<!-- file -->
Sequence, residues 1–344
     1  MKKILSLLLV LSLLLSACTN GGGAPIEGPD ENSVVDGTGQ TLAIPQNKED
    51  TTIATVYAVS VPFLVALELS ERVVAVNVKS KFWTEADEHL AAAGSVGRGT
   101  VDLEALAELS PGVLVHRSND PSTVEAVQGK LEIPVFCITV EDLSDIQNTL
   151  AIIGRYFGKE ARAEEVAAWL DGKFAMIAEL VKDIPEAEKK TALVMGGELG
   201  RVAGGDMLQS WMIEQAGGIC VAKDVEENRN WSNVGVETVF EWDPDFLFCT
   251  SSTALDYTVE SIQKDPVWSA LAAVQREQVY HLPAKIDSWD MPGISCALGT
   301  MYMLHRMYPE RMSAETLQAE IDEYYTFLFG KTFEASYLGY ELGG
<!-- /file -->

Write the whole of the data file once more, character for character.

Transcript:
Sequence, residues 1–344
     1  MKKILSLLLV LSLLLSACTN GGGAPIEGPD ENSVVDGTGQ TLAIPQNKED
    51  TTIATVYAVS VPFLVALELS ERVVAVNVKS KFWTEADEHL AAAGSVGRGT
   101  VDLEALAELS PGVLVHRSND PSTVEAVQGK LEIPVFCITV EDLSDIQNTL
   151  AIIGRYFGKE ARAEEVAAWL DGKFAMIAEL VKDIPEAEKK TALVMGGELG
   201  RVAGGDMLQS WMIEQAGGIC VAKDVEENRN WSNVGVETVF EWDPDFLFCT
   251  SSTALDYTVE SIQKDPVWSA LAAVQREQVY HLPAKIDSWD MPGISCALGT
   301  MYMLHRMYPE RMSAETLQAE IDEYYTFLFG KTFEASYLGY ELGG